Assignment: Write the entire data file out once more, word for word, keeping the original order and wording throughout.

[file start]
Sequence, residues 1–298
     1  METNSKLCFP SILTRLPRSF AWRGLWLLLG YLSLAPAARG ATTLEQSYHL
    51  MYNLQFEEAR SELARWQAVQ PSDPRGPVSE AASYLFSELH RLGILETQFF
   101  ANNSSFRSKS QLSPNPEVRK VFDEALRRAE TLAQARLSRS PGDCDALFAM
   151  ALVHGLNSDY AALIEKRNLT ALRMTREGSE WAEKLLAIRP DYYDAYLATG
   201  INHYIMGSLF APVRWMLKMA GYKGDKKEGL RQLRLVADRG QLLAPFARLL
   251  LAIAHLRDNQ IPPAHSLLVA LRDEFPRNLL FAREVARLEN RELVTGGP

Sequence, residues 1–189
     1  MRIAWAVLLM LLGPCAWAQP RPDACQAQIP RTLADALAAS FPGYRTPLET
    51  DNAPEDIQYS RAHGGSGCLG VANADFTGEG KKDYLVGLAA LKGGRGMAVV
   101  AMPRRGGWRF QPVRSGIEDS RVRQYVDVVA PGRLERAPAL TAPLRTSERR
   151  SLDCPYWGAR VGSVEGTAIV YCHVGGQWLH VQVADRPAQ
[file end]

Sequence, residues 1–298
     1  METNSKLCFP SILTRLPRSF AWRGLWLLLG YLSLAPAARG ATTLEQSYHL
    51  MYNLQFEEAR SELARWQAVQ PSDPRGPVSE AASYLFSELH RLGILETQFF
   101  ANNSSFRSKS QLSPNPEVRK VFDEALRRAE TLAQARLSRS PGDCDALFAM
   151  ALVHGLNSDY AALIEKRNLT ALRMTREGSE WAEKLLAIRP DYYDAYLATG
   201  INHYIMGSLF APVRWMLKMA GYKGDKKEGL RQLRLVADRG QLLAPFARLL
   251  LAIAHLRDNQ IPPAHSLLVA LRDEFPRNLL FAREVARLEN RELVTGGP

Sequence, residues 1–189
     1  MRIAWAVLLM LLGPCAWAQP RPDACQAQIP RTLADALAAS FPGYRTPLET
    51  DNAPEDIQYS RAHGGSGCLG VANADFTGEG KKDYLVGLAA LKGGRGMAVV
   101  AMPRRGGWRF QPVRSGIEDS RVRQYVDVVA PGRLERAPAL TAPLRTSERR
   151  SLDCPYWGAR VGSVEGTAIV YCHVGGQWLH VQVADRPAQ